Teachers also have a nasty habit of including children in their labor disputes. They inform children that “because their Mommies and Daddies don’t want to give more of their money to the government for schools to pay teachers, they will lose their job.” This is incredibly egregious because we entrust teachers to provide our children with a moral foundation, one that should include professionalism and the self-restraint to rise above their situation and complete the task they are required to do. Children have no way of understanding wages, labor negotiations, taxes, or any other form of business. They do not earn a wage or support themselves, so they cannot comprehend the taxpayer’s or school’s financial dilemma. So don’t tell me you are giving them credit for protesting something they can’t comprehend. They are just doing the teacher a favor. Also, there is no need for the teacher to be a student’s “buddy.” Students need authority figures more than they need another buddy.

Our society needs to stop stressing children out. We try to protect them and wind up preventing them from learning necessary lessons. Falling off the swing set hurts, but it is not a litigious event. Bad behavior in class or elsewhere warrants consequences. We should stop being afraid to hurt a child’s psyche by punishing him. Winning is kinda the whole reason to play the game. Being picked on in dodgeball or not being picked when choosing sports teams is just a reason to practice more, try harder, or find somewhere else to excel and succeed.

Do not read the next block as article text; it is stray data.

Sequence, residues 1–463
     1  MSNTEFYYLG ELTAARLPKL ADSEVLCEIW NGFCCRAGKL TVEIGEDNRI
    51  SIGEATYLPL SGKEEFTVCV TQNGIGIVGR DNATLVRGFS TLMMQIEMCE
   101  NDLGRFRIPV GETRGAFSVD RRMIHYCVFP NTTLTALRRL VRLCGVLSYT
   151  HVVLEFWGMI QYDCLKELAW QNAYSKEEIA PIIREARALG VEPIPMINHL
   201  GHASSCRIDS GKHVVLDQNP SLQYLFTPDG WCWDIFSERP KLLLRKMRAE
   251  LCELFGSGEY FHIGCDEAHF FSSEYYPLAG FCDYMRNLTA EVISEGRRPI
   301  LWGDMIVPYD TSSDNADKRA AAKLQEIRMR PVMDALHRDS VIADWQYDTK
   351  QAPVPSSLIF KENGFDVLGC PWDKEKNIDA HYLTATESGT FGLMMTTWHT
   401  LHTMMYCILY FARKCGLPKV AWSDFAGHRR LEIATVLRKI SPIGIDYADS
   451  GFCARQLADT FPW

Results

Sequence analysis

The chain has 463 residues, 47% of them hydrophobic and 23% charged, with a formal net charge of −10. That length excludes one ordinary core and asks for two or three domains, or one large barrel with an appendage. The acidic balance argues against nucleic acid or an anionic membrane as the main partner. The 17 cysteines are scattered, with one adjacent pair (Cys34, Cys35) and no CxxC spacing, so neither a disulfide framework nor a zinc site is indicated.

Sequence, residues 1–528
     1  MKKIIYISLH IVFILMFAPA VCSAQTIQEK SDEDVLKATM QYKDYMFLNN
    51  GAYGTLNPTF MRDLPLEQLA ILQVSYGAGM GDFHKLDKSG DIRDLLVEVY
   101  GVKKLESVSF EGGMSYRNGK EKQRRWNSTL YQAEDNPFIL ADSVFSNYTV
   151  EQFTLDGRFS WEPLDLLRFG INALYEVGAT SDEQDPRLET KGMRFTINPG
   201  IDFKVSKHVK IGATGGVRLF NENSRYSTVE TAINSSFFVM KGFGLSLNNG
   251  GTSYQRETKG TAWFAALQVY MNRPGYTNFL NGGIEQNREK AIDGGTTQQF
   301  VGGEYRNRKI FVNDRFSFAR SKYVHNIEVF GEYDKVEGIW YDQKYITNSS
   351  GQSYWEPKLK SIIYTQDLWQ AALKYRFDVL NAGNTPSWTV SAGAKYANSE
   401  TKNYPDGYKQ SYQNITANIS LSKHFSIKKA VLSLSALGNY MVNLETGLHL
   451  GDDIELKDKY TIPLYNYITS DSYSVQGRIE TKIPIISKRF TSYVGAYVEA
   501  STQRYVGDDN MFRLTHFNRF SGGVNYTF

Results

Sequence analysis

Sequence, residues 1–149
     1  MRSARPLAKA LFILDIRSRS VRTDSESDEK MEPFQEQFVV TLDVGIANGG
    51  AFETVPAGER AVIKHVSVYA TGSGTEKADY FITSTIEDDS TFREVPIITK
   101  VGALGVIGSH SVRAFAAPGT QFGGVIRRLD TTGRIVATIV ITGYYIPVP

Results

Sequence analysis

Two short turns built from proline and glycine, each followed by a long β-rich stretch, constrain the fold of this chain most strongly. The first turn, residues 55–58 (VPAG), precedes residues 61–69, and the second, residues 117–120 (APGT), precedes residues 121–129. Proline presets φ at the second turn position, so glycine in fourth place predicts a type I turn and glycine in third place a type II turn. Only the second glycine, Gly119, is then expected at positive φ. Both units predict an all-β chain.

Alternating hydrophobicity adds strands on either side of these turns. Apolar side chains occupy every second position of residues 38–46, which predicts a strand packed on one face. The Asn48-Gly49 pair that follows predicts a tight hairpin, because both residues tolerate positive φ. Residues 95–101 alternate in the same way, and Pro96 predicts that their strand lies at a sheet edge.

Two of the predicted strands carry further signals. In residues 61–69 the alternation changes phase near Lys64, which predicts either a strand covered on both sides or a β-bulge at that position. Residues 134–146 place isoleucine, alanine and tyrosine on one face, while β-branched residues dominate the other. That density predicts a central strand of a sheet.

We, as a society, need to teach each other that it is not acceptable to be a selfish or irresponsible parent or educator. Adults should support and help each other to raise children. Adults should respect children, and if their authority is abusive or goes too far, then children should not be witnesses to adults “dressing down” each other. This is incredibly confusing to them.

I remember that in my childhood, I was fairly oblivious when it came to my parents’ divorce — or, for that matter, my father’s heart attack. I was ten years old at the time both happened and was quite a snoopy little kid, if I do say so myself. If my parents argued, they did it when I was away or asleep. I heard my dad or mom vent about the divorce very infrequently.

I knew my dad had a heart attack and that he was sick and needed rest to recover, but that was really all. At some point I was sent to live with my aunt, and when I returned, my parents had separated. They explained that this was the way it would be. It was hard to accept at first, but I was always made to understand that it was not really my business. It was an adult thing, and it was not my fault. That was all I really needed to know as a kid.

People my parents’ age, who grew up in the Great Depression, say they were “poor, but they never knew it.” Their parents never burdened them with poverty. Yet they can all tell tales of hard times. Think of the attitudes of today’s youth if they are not outfitted with latest hundred-dollar pair of sneakers sneakers. Children are happier and healthier not knowing everything.

In reality, it should be the “child’s right,” as much as is possible, to mature before having to face tough decisions. Life can change in an instant. Death, divorce, and other hardships can shorten childhood, and that is unavoidable, but the more time children have to develop and to slowly comprehend this world, the better-adjusted they will be. The less we stress them out with things they cannot resolve or are too young to understand, the fewer Columbines we will have, and the fewer messed up adults we will have as well.

HT: American Thinker